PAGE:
From the press release for On Look But Don't Touch at Display, Prague, 2006
David Kulhanek: Could you tell me a little more about the way you "perform" your slide lectures? Is it to make it look like science, or to illustrate research, or is it a kind of story-telling derived from the reality? Is it formal or casual?
Christian Sievers: I'm a big fan of the traditional slide lecture. Everyone is familiar with the form and knows how to approach it. I’m hijacking a very formal way of presentation and use it for something else. No, my lectures are not improvised at all, and they really don't have a casual feel to them. I like to say they're magic lantern shows, pre-scientific.
Do you repeat the lectures, or is it always a new look into the archive, searching for new connections?
I quite like repeating them. The montage of text and images, finding the right order, all of that takes a long, long time. That's the hard bit. Once they are completed, once the collage glue has dried, my part of the process is finished. I can just go and read it out. The lectures are very much a hardened product, an artifact. It’s then up to whoever cares to listen and watch to re-trace my steps, or to walk down a completely new path. It's great fun (well I hope so), trying to match captions to images that have been dislocated, constructing a narrative out of heterogeneous elements that you suspect have something in common. But you don’t know what it is. It makes new sense all the time.
It’s really about slowly revealing one image after the other, and the same for the text. It’s about a certain chronological order, to which the ‘lecturer’ has to stick. That also means that the lecture ‘script’, that details what is said and shown when, is not revealed. I’ll never print the whole text, or show all the images at once. It's a bit like striptease.
Could you describe your method? How do you classify the material you collect?
There’s nothing so special about it. It’s how artists work, you play around with things until you get a configuration that works. It starts with a certain image that then develops some kind of gravity and pulls in other images to complement it. Then of course I have to decide what I want this to be about; which questions to send out to people. That then triggers more images, and so on.
Do you apply randomness in the process?
Of course there’s the randomness of what I see and can take photos of while going to work, or what replies I get to the questionnaires. But in the end it's a conscious collage of all these things. It’s like modelling a sculpture that has to look good from a lot of angles.
Could one describe your work as a sort of research in non-linearity or rhizomatic structures of the "real"?
It makes you believe that everything is connected to everything else. I’m trying to craft it so that the elements feel non-hierarchical, that every element has the same weight. I ’m voicing these very diverse statements and opinions, gathered from the questionnaires, as if there were no contradictions.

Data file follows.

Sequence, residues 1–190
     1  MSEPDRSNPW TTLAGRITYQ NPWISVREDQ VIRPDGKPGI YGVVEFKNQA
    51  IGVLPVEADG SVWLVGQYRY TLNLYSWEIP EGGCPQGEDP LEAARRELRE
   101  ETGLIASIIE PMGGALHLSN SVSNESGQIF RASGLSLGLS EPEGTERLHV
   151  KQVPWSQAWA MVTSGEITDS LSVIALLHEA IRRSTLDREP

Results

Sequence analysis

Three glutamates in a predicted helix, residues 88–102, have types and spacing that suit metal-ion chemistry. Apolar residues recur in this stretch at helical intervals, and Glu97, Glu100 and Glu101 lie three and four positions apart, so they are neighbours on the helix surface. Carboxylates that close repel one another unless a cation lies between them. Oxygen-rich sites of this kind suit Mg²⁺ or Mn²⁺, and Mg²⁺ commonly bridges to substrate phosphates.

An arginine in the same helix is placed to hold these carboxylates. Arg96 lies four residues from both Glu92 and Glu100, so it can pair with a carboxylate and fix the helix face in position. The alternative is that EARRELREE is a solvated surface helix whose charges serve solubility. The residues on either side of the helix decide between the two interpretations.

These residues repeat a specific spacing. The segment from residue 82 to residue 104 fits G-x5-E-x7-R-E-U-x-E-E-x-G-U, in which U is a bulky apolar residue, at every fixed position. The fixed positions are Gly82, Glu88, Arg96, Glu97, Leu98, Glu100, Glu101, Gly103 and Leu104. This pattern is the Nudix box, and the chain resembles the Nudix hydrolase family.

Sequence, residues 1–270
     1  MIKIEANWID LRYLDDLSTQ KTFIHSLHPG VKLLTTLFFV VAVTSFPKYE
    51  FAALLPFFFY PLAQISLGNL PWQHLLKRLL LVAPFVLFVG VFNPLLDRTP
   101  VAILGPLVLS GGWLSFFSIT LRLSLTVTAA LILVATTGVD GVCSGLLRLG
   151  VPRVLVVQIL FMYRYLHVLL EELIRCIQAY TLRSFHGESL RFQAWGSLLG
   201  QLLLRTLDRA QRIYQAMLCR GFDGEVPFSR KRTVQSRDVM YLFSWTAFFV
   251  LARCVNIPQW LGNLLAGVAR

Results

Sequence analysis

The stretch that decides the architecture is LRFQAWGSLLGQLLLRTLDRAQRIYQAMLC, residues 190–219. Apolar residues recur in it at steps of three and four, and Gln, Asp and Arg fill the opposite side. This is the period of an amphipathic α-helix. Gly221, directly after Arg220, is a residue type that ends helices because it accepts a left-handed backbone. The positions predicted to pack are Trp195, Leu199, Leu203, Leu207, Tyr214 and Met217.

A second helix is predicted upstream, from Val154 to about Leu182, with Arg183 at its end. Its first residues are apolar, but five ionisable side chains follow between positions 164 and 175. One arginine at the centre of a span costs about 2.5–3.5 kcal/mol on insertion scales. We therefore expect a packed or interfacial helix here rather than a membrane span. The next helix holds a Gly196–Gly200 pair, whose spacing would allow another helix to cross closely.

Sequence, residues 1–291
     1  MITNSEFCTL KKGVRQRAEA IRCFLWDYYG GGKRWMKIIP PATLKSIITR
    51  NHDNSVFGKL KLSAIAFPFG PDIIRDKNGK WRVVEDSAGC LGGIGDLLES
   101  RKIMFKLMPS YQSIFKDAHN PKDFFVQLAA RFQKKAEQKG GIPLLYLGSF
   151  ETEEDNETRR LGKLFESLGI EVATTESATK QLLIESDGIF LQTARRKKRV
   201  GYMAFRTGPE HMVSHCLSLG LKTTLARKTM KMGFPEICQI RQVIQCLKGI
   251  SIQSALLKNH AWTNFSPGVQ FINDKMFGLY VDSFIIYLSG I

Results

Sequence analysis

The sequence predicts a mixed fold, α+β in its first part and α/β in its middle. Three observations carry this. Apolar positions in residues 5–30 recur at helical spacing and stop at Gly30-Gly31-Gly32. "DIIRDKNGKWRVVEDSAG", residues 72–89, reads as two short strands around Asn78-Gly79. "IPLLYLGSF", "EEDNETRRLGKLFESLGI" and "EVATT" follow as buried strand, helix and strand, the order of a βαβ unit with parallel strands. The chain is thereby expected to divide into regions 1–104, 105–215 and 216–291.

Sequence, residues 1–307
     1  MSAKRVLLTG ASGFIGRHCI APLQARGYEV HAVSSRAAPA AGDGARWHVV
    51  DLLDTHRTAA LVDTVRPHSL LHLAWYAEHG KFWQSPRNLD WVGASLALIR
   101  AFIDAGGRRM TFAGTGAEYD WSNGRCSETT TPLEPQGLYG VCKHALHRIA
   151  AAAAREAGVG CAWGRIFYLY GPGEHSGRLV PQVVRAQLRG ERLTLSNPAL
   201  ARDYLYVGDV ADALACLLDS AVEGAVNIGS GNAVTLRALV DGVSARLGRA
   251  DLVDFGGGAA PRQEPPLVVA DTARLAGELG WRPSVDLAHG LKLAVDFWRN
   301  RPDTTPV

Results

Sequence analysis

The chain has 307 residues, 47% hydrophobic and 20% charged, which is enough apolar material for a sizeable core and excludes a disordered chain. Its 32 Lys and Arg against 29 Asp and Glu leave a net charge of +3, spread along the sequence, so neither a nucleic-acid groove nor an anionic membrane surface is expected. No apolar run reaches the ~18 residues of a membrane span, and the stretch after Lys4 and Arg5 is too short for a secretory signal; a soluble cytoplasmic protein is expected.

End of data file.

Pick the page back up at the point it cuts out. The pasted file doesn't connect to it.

Is your individual view-point, a sort of sculptural capturing of the real material, a point of departure? Is it a certain self-orientation system as well?
The process of compiling the work and phrasing the questions helps me find out what it is about these issues that makes me come back to them again and again. You could say, everyone who replies to the questions helps to articulate the (sculptural) problem.
Could one classify your lecture projects as non-spectacular?
What do you mean? Yes, very, but only in a small, intimate setting.
I am interested in the "sculptural background" of your pieces, so if you can just briefly comment your relationship to sculpture?
I like to think that the ‘foundation’ of the lectures are the physical reality of things. The way one object relates to another. ‘Tough Guys and Soft Guys’ for example was on a basic level about hard and soft boundaries, and the volume that’s inside, rigid forms and flux. Those are sculptural categories.
on the occasion of Do Not Interrupt Your Activities, Royal College of Art Galleries, 2005
In his lecture performances Christian Sievers has developed a peculiar format involving a collection of images presented as a slide show alongside a scripted text. His scripts often collage together contradictory impressions and opinions that he has gathered through questionnaires. Sievers’s presence on stage evokes a sense of vulnerability, an uncomfortable moment of mise à nu. Like a test one has to pass in front of an audience, Sievers’s difficult presentation often concludes with a personal process of understanding and resolving the issue raised in his performance. The ostensibly severe lecture performances, however, are lightened by humour and parody.
What follows are excerpts from a conversation which took place in South London in February 2005.
AC: What made you choose the particular format of your performances?